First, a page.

I Am Right Now, Resurrection and Life

Jesus said, “Your brother will be raised up.” Martha replied, “I know that he will be raised up in the resurrection at the end of time.” “You don’t have to wait for the End. I am, right now, Resurrection and Life. The one who believes in me, even though he or she dies, will live. And everyone who lives believing in me does not ultimately die at all. Do you believe this?” “Yes, Master. All along I have believed that you are the Messiah, the Son of God who comes into the world.”

(John 11:23-27 MSG)

There’s a Martha in all of us. The Martha who believes in a future resurrection rather than the present. Jesus says to everyone like her, “You don’t have to wait for the End. I am, right now, Resurrection and Life.” You don’t have to wait for the end because you can rise again now. Jesus, the Great I Am, the Resurrection and the Life, is able to breathe life into your dead dreams, hopes and circumstances now. But the ultimate question is, “Do you believe this?” Martha believed and witnessed her brother come back to life after being dead for four days. When we believe, we, too, will see the glory of God (v.40).

For quite some time now, God has been bringing me back to the miracle of the resurrection and the empty tomb. There’s a resurrection power living on the inside of us that we need to tap into if we hope to thrive in this world.

The Garden Tomb in Jerusalem

A Year to Rise Above

Last year, God led me to write a book where I encourage believers in Christ to rise above life’s unprecedented storms with faith and courage. I wrote the book from having personally experienced storms in my own life and watching God faithfully come through for me time and time again. When the book was published that same year, God’s message was clear: He wasn’t finished with it or me yet.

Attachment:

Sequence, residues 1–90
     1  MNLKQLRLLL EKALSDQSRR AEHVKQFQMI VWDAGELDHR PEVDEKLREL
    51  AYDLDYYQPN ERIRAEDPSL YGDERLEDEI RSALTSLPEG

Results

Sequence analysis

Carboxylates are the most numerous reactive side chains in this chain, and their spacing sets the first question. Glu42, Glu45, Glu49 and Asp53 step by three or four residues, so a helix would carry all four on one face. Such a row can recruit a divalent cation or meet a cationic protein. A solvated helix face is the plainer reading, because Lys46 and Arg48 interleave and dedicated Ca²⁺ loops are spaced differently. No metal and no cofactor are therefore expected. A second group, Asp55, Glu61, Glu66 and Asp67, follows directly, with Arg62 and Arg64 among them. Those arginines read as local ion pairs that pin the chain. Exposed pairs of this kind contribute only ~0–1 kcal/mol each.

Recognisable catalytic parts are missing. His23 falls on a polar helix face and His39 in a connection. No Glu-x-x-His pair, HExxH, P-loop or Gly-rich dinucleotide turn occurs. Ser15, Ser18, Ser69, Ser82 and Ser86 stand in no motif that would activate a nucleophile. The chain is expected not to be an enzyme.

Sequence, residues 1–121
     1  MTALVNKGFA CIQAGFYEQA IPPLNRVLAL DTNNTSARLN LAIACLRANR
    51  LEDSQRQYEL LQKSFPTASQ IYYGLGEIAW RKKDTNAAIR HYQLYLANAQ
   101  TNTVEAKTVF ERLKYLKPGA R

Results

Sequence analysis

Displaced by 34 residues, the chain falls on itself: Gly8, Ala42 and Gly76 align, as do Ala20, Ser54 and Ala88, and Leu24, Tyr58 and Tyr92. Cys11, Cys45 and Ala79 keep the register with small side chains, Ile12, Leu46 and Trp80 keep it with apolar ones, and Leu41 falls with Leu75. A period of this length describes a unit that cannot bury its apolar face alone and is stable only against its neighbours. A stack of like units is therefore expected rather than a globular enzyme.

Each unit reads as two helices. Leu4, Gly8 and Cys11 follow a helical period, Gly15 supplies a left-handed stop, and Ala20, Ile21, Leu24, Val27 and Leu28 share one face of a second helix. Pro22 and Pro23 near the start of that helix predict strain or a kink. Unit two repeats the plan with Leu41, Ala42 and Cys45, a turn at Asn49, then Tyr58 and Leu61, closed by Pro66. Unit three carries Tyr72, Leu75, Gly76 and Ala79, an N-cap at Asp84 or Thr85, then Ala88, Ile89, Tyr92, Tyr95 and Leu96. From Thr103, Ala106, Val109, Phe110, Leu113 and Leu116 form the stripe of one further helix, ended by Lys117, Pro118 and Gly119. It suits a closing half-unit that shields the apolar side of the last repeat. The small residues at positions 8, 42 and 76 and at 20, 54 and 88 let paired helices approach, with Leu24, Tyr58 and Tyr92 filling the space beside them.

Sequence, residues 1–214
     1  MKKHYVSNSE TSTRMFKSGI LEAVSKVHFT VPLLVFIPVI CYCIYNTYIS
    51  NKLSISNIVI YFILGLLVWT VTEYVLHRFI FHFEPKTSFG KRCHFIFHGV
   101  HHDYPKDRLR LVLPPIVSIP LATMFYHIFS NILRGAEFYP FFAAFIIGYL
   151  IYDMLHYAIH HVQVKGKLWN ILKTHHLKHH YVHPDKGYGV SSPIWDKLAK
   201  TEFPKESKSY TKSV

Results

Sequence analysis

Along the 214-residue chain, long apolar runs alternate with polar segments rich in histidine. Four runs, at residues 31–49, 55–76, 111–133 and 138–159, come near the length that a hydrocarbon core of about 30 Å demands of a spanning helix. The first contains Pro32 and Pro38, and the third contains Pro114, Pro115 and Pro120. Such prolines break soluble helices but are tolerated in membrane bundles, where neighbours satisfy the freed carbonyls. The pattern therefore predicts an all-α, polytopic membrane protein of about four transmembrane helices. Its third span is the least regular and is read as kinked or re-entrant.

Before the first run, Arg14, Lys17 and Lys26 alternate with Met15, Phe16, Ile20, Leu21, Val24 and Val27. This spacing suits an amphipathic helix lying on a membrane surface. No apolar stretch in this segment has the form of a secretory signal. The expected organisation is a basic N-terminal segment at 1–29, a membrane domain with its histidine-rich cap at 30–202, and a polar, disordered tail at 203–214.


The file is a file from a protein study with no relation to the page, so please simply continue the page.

This year, God allowed me and my loved ones to go through various storms through which the message of the book began to surface. People who have read the book often tell me that it’s beautifully written, but miss that it’s more than just beautiful words on paper; it’s the message that has sustained me and can sustain everyone going through their own storms.

A family member says that they’ve heard the story of Jesus and Peter walking on water come up more than once this year. I tell them that maybe God is trying to tell, or teach, them something through it. For me, it’s been about living out the miracle that I so often tell others they can experience when they step out of the boat and find out the best that God has in store for them when they trust Him enough to embrace life’s storms.

Rise Above with Gratitude

I’ve been feeling under the weather lately (tis the season, after all). Last weekend, I was too tired and weak to even want to get out of bed. But as I lay there, looking at my phone, a recent photo of Lucas which my brother had shared that week came up. When you’ve seen him at his worst and finally see him at his best, it will not only make you smile and tear up at times (tears of joy, of course!), but it will make you so grateful that you will want to get out of bed and give God praise. And that’s exactly what happened. The next thing you know, I was on my feet, getting ready to go to church.

I share this with you only to show you the power that deep gratitude can have on our lives. It doesn’t matter what we’re going through or how we’re feeling at the moment, when we’re moved by gratitude, we will rise above it all. Today, I’m not asking you to give thanks for the good things in your life because we can all do that. If you really want to annoy the devil and rise above, I challenge you to give thanks for the difficult times that you may be facing right now. Not because they’re great, because they’re certainly not, but because we worship a great God who can turn them around for our good when we thank Him. When you’re thankful and you know it, others will too. Happy Thanksgiving!

A Ministry Outside of Church Walls

When my nephews were born three months prematurely, we found ourselves making daily visits to the hospital. Little did we know that along the way, we were also going to encounter other parents just as much in need of prayer and support.